• EBEBRATT-Ed
    EBEBRATT-Ed Member Posts: 10,317
    Lots of stray voltage running through the ground. You can shut the power off to a house and still have power running through your water pipe ground that you can read with an amprobe.

    Classic example of a loose neutral or how your neighbors house can burn yours down
  • ChrisJ
    ChrisJ Member Posts: 11,976
    icesailor said:

    FWIW,

    If you are going to look into Data Loggers, you need to consider what you are getting. Whatever the method of logging and recording, Analog types will do a better job of they record continuously and print continuously. Digitals can't be as accurate because they take examples in time. Not continuously like Analogs. There are things you can do with an analog meter that you simply can not do with a digital. On single cylinder engines without electronic ignition but have ignition points, you can set the timing with an analog ohm meter but not with a digital one. You can't catch the either/or, or "Mr. In Between". If you are looking for peak amperage, just before a one time fuse blows, you can get the maximum amperage with an analog meter but only approximate with a Digital.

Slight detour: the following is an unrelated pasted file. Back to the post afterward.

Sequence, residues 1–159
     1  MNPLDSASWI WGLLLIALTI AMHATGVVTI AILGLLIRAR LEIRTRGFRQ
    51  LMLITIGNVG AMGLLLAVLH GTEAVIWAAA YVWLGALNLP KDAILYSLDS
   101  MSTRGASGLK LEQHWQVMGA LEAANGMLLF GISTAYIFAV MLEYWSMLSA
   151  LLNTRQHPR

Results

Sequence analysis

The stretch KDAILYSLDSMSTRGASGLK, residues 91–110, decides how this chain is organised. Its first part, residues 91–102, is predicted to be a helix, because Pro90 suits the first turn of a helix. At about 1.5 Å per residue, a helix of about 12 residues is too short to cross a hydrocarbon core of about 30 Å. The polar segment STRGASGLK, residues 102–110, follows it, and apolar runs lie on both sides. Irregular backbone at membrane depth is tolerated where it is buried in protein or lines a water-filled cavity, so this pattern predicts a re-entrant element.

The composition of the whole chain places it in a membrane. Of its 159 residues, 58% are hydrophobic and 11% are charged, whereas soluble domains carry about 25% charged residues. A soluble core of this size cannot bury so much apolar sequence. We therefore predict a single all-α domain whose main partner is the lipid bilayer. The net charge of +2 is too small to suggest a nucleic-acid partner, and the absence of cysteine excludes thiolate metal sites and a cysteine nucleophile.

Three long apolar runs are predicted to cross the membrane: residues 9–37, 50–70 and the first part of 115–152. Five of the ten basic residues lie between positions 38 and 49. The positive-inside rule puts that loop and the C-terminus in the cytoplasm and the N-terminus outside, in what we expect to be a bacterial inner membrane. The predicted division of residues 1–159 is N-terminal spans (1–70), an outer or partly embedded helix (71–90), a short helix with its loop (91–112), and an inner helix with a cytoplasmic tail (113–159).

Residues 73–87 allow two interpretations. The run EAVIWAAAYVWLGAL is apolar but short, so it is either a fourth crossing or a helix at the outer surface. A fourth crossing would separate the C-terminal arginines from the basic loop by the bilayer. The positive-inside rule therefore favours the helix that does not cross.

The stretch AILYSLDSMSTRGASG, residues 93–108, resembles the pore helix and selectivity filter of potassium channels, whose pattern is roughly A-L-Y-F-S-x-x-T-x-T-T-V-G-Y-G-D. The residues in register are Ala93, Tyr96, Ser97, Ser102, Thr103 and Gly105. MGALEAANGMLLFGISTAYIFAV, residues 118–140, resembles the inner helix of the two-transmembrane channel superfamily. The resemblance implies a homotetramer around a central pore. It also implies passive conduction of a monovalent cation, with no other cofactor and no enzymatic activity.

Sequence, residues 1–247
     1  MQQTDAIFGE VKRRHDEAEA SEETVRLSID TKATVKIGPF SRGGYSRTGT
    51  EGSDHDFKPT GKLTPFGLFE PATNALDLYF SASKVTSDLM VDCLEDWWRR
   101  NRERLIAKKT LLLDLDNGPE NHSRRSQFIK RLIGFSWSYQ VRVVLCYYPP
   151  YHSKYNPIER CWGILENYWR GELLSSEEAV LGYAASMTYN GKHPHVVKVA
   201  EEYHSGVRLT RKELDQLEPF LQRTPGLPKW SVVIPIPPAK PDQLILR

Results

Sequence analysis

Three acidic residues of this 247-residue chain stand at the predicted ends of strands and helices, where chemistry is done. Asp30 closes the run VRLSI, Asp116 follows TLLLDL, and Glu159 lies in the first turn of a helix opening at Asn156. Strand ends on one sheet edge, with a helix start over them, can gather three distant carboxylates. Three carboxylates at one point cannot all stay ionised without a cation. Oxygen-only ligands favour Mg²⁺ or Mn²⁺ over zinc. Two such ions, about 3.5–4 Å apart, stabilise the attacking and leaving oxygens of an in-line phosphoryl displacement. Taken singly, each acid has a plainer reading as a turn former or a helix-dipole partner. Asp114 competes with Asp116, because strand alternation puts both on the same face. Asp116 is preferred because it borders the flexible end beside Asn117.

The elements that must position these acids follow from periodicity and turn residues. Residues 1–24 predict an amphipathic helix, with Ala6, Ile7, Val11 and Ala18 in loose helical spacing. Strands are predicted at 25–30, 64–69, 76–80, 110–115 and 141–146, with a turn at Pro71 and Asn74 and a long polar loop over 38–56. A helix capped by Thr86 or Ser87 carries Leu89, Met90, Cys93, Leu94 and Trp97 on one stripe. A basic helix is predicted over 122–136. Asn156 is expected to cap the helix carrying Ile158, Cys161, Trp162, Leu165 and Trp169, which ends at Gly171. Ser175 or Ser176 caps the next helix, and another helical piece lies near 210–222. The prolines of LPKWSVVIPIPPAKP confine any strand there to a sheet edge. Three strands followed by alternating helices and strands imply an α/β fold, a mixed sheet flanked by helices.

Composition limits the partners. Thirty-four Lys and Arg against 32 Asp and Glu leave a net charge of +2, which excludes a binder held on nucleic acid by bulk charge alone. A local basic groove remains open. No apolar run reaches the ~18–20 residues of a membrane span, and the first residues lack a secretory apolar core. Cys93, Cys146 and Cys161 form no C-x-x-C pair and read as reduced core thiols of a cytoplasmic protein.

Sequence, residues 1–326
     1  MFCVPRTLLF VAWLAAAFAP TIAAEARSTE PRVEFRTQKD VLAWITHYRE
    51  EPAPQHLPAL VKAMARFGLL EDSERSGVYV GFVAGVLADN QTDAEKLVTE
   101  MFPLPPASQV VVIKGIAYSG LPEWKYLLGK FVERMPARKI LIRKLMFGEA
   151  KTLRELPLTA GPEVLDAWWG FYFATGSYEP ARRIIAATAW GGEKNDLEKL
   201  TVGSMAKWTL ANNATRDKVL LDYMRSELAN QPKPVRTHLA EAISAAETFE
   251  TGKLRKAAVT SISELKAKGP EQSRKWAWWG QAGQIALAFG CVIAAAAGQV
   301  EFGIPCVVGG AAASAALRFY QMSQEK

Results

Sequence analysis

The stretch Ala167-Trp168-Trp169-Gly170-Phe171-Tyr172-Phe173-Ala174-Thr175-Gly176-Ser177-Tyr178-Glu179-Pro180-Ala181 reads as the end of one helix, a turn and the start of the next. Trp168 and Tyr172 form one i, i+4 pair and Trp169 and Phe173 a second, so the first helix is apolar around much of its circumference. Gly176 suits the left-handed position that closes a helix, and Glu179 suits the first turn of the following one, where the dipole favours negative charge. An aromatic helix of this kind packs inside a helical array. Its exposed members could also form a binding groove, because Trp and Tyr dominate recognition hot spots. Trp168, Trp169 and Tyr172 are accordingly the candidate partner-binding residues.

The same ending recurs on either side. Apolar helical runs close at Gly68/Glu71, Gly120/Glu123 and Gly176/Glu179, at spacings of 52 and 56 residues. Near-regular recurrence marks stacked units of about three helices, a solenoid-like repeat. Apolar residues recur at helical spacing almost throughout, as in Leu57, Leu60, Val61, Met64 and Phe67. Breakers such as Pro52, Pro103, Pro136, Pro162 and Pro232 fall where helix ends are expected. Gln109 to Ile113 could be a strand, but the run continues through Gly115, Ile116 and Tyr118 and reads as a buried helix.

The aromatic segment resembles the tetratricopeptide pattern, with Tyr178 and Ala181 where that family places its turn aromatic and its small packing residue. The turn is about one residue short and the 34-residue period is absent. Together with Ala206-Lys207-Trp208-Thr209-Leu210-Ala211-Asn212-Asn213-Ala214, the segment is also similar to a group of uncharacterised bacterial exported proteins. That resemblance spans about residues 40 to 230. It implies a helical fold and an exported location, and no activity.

Any fool can make a water heater work. But the most expensive digital electronic equipment can miss the problem because what is happening to cause the faults is happening infrequently, and under conditions that they haven't figured out yet.

    While the highly paid engineers and executives at AO Smith are taking the high speed, high altitude, flying in comfort attitude in the Corporate Jets, the solution will come from the short bus passengers on the ground. In seats covered with the hides of the Nauga.

    And if one who rides on the short bus finds the solution to the AO Smith problem, the high flying jet setters won't believe you, but come to the same conclusion later.

    Because they're smart and we're not.

    This is extremely inaccurate information.

    When it comes to digital instruments it's true they are not continuous, but the amount of samples one takes can be extremely high.

    For example, if you take 1024 samples per second there is no way you would be able to tell the difference between that and analog. In fact, I bet you couldn't tell the difference between 100 samples per second and analog.